carcinogen

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car·cin·o·gen

 (kär-sĭn′ə-jən, kär′sə-nə-jĕn′)
n.
A cancer-causing substance or agent.

car′ci·no·gen′e·sis (kär′sə-nə-jĕn′ĭ-sĭs) n.
car′cin·o·gen′ic (-jĕn′ĭk) adj.
car′ci·no·ge·nic′i·ty (-jə-nĭs′ĭ-tē) n.

carcinogen

(kɑːˈsɪnədʒən; ˈkɑːsɪnəˌdʒɛn)
n
(Pathology) pathol any substance that produces cancer
[C20: from Greek karkinos cancer + -gen]
ˌcarcinoˈgenic adj
ˌcarcinogenˈicity n

car•cin•o•gen

(kɑrˈsɪn ə dʒən)

n.
any substance or agent that tends to produce a cancer.
[1935–40; carcino (ma) + -gen]
car`cin•o•gen•ic (-sə nəˈdʒɛn ɪk) adj.
car`ci•no•ge•nic′i•ty (-dʒəˈnɪs ɪ ti) n.

car·cin·o·gen

(kär-sĭn′ə-jən)
A substance or agent that can cause cancer. Asbestos and tobacco products are examples of carcinogens.

carcinogen

any natural or artificial substance that can produce or trigger cancer, as arsenic, asbestos, ionizing radiation, ultraviolet rays, x rays, and many derivatives of coal tar. — carcinogenic, adj.
See also: Cancer

carcinogen

Any cancer-causing agent.
ThesaurusAntonymsRelated WordsSynonymsLegend:
Noun1.carcinogen - any substance that produces cancercarcinogen - any substance that produces cancer  
substance - a particular kind or species of matter with uniform properties; "shigella is one of the most toxic substances known to man"
Translations

carcinogen

[kɑːˈsɪnədʒen] Ncarcinógeno m

carcinogen

[kɑːrˈsɪnədʒən] nsubstance f cancérigène

carcinogen

nKrebserreger m, → Karzinogen nt

carcinogen

[kɑːˈsɪnədʒən] n (Med) → cancerogeno

car·cin·o·gen

n. carcinógeno, cualquier sustancia que puede producir cáncer.

carcinogen

n carcinógeno, cancerígeno, sustancia que causa cáncer
References in periodicals archive ?
They then used that technique to map all damage caused by the major chemical carcinogen -- benzo[α]pyrene.
Most protein candidates were revealed for the first time to be involved in skin cell damage from chemical carcinogen. This work might provide new insight into the understanding of risk assessment and toxicological mechanism of skin diseases caused by chemical carcinogens.
In the present study we sought to investigate the induction of mammary tumour in female Wistar rats using MNU, a chemical carcinogen and evaluation of MMP activities and histopathological changes.
The research has found that cooking red meat at high temperatures may produce a potent chemical carcinogen, which triggers the cancer.
The story of tobacco shows us that when an exposure to a chemical carcinogen is eliminated, lives are saved.
Melanomas have been induced in animal studies after exposure to intense ultraviolet light, or to a chemical carcinogen followed by ultraviolet light.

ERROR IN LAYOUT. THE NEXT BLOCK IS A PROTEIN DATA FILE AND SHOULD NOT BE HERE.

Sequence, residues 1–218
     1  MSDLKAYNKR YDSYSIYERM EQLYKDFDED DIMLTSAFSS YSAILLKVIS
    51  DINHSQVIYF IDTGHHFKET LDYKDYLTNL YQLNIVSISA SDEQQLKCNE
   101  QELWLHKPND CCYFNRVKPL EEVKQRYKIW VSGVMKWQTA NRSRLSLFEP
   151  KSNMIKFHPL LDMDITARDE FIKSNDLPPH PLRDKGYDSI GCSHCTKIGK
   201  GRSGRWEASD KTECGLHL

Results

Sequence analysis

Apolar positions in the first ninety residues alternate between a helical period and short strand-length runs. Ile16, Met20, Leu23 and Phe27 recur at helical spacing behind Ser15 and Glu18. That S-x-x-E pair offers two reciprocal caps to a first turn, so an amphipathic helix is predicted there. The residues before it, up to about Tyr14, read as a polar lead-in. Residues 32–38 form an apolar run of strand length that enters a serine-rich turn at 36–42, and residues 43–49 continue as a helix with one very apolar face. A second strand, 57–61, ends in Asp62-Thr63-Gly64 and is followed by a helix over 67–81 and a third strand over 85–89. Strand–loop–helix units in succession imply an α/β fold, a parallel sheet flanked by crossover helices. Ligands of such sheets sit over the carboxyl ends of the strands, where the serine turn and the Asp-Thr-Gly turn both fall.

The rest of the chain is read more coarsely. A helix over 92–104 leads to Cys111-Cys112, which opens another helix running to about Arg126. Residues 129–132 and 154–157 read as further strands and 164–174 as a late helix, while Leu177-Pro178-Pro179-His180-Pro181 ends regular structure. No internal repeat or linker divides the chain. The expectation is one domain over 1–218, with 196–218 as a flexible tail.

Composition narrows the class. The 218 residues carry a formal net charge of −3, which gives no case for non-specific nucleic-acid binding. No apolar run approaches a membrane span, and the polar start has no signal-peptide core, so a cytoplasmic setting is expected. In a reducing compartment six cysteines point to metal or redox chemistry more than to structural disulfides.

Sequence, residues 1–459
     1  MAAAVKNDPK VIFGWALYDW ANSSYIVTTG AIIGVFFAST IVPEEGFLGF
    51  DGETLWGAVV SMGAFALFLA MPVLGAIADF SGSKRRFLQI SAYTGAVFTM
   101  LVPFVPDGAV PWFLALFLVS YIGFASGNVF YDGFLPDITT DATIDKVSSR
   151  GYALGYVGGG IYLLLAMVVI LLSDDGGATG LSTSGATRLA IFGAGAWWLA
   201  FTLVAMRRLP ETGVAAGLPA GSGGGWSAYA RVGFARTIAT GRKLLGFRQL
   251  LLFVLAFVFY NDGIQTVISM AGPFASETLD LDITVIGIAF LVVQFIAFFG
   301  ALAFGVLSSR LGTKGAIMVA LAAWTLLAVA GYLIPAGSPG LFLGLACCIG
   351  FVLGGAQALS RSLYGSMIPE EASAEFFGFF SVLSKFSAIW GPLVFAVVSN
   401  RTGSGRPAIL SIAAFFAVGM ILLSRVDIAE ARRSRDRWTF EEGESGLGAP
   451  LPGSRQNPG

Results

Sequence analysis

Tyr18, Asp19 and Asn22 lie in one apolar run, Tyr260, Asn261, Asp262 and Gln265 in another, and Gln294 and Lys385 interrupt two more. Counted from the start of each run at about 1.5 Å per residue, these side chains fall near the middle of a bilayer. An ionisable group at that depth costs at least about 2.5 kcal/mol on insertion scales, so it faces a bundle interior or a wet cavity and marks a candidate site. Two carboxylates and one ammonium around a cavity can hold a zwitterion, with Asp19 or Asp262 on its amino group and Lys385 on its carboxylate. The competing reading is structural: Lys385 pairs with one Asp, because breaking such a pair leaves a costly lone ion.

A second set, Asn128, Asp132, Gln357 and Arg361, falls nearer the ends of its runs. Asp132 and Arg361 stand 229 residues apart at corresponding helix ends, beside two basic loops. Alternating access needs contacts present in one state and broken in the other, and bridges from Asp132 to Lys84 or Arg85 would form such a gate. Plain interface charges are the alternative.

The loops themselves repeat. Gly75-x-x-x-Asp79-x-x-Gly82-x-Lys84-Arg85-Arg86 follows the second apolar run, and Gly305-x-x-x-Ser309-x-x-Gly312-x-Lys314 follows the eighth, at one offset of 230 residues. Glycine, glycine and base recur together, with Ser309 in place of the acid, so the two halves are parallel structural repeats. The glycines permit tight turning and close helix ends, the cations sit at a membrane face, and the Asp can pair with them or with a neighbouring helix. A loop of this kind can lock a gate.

The compound also decreased the incidence of breast cancers in rats that had been injected with a chemical carcinogen. Albany Med cautioned that the results are preliminary, but the findings were significant enough to be accepted for presentation Nov.
According to the Web site plastics mythbuster.org, compiled by the American Plastics Council (APC), Arlington, Va., there is no credence to the rumor that reusing PET water bottles can cause a harmful chemical carcinogen (cited in the myth as diethylhydroxylamine, or DEHA) in the plastic to leach over time.
Furthermore, the risk associated with exposure to a chemical carcinogen is critically dependent on the level of exposure: the dose makes the poison, in an imperfect effort to deal with this, Proposition 65 includes an exception whereby the cancer warning is not needed if "the exposure poses no significant risk assuming lifetime exposure at the level in question." Proposition 65 establishes another important exemption whereby warnings are not required for chemical substances that occur naturally in food.
For example, the mechanism by which a chemical carcinogen interacts with DNA is carefully explained with the extensive use of diagrams.
he mice are typically given HCC either by exposure to a chemical carcinogen, known as DEN, when they are two weeks old, or by exposure to that same carcinogen at three months of age followed by the tumor-promoting chemical phenobarbitol.
One month later, the scientists injected the animals with a chemical carcinogen. Cancer developed in 93 percent of the rats on the normal diet but in only half of those given the CLA-enriched diet.